Elegant and distinctly Southern Californian, this gorgeous 1960 home by pioneering female architect Edla Muir perches atop the Fire Mountain neighbourhood of Oceanside, the third largest city in San Diego County. Muir was known for designing homes for stars like Shirley Temple and Barbara Stanwyck. Located at 1812 Baily Drive, the property is the only Muir design to be commissioned in San Diego and is offered at $3.5 million — via Curbed

Design

The Automatic Field Issue is a significant departure from the other watches in the Weiss Watch Company’s collection. Sure, it still has a basic field watch look (down to the sub-seconds at nine o’clock), but that’s about it. The case here is 38mm instead of 42mm and the movement inside is automatic instead of hand-wound.

The Weiss 38mm Automatic Issue Field Watch is available in three dial colours: black or white, both on a green Cordura canvas strap and both priced at $1,895, and blue, on a natural Horween shell cordovan strap and priced at $1,995 — via Hodinkee

Design

This commission came straight from Royal Enfield Indonesia themselves, with an open brief and only two months to turn it around. So Jakarta based Thrive Motorcycle’s builders Indra Pratama and Barata Dwiputra knuckled down and got busy — via Bike EXIF

Design

Over in Salzburg, Austria, Vienna-based firm Smartvoll won a competition to redesign the 350-square-metre roof space of a former storage shed for military vehicles and boy did they put their mark on the place. Using primarily concrete, the designers created a swoopy futuristic apartment intervention that feels like one huge, liveable sculpture — via Curbed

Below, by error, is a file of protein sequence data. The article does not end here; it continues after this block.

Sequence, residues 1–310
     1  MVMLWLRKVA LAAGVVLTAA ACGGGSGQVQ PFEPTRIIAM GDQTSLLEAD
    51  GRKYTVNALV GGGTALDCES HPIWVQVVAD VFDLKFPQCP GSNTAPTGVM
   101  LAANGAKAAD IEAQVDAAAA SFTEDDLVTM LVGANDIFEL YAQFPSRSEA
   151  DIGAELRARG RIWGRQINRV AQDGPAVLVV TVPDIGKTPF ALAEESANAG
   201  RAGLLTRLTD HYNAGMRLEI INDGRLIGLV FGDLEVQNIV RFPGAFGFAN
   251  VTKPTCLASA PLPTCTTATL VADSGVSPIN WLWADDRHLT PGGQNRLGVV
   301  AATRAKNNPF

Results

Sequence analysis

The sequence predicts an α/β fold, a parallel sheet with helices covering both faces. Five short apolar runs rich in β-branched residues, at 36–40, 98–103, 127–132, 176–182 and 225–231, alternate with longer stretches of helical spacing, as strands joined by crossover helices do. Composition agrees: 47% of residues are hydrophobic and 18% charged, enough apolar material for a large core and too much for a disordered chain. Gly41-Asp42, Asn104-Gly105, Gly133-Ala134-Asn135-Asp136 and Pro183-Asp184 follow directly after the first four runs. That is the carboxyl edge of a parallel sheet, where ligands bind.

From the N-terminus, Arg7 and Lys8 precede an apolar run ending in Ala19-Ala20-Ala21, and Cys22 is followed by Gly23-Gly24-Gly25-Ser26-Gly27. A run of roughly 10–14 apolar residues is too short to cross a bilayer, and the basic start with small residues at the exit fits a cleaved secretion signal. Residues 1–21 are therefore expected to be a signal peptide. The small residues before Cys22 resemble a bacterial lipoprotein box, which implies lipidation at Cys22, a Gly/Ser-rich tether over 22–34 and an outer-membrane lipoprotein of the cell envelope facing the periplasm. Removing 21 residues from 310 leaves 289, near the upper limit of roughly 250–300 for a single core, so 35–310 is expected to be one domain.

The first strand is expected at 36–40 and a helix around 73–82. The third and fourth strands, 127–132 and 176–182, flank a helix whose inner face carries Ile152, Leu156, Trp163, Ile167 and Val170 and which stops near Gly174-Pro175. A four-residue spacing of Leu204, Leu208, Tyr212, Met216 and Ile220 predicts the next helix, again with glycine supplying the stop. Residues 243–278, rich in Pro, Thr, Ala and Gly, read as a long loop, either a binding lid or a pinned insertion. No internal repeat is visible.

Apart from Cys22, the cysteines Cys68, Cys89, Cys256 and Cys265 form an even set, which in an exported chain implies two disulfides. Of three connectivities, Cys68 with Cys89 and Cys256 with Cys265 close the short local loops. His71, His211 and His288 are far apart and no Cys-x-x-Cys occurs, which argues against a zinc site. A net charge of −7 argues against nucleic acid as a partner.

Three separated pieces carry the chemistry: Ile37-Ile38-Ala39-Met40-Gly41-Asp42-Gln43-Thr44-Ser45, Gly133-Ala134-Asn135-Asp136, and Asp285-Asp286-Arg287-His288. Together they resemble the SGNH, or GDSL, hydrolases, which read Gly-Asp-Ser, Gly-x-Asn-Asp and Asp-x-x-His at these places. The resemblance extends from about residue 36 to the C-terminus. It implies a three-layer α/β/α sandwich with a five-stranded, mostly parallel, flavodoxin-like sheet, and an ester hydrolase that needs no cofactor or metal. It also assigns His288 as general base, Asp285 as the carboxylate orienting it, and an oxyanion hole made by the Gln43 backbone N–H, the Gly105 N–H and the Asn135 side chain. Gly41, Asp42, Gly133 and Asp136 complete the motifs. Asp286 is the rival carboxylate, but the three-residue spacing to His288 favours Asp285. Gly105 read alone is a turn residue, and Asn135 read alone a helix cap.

Design

It belongs to Jeff Gittleson of Kinesis Moto, who built it by marrying a Ducati 160 Monza Jr motor to a Honda CB175 frame — via Bike EXIF

Design

Klopf Architecture, the San Francisco firm known for its mid century modern-inspired residences and renovations of Eichler homes, has designed a bright and airy ranch-style home in Orangeville, a community in Sacramento, California.

Taking cues from mid century design, naturally, the single-story residence incorporates signature characteristics from the era, like a gently sloping, overhanging roof, walls of windows, and a free-flowing layout that promotes cross breezes and that quintessential indoor-outdoor lifestyle — via Curbed

Design

The Type 1H goes for a totally different look altogether, and one never seen before. The convex dial discs are made of solid German silver and they have been sandblasted and skeletonised to reveal the mechanics underneath. The edges of the discs have been sharply bevelled, outlining the openings with just a bit of shine. The markings and hands are milled and filled with a dark grey SuperLuminova that glows bright green in the dark.

The Ressence Type 1H Limited Edition For HODINKEE is limited to just 20 pieces and is priced at $22,500 — via HODINKEE

Design

It might surprise some to learn that natural light plays a leading role in the creation of an open, airy living space.

But to Boston-based firm NADAAA, the importance of light is a given. When overhauling this 1920s brick house in Washington DC, the firm put lighting front and centre, essentially transforming the rear facade into a curtain wall punctured by a geometric splatter of rectangular windows. Floor-to-ceiling glass was used on some portions of the home, and boxy windows project out from the façade towards the garden beyond.

But inside is where the light play really begins. NADAAA is known for fancy mill-work and materials exploration. In the DC home, they artfully installed plywood panelling to shepherd light into the space. Throughout the home, the panelling is arranged parallel to a north-south axis, optimizing light. Even the banisters seem to visually break apart when confronted with the possibility of blocking the view of a window beyond — via Curbed

Design

This 1965 home in Garland, Texas oozes serious Mad Men vibes. The property, designed by industrial architect Richard Craycroft of Craycroft-Lacy & Associates, is one of only two single family dwellings he designed. Recently updated, the three-bedroom-three-bath measures 390 square metre and offers period living enhanced with contemporary updates.

The spacious split-level floor plan includes a front parlour space and a warm, wood-panelled step-down great room. Here, beamed ceilings, an impressive fireplace, and a wall of windows create a cosy space, replete with period carpeting that doesn’t feel stuffy and instead ups the mod vibe.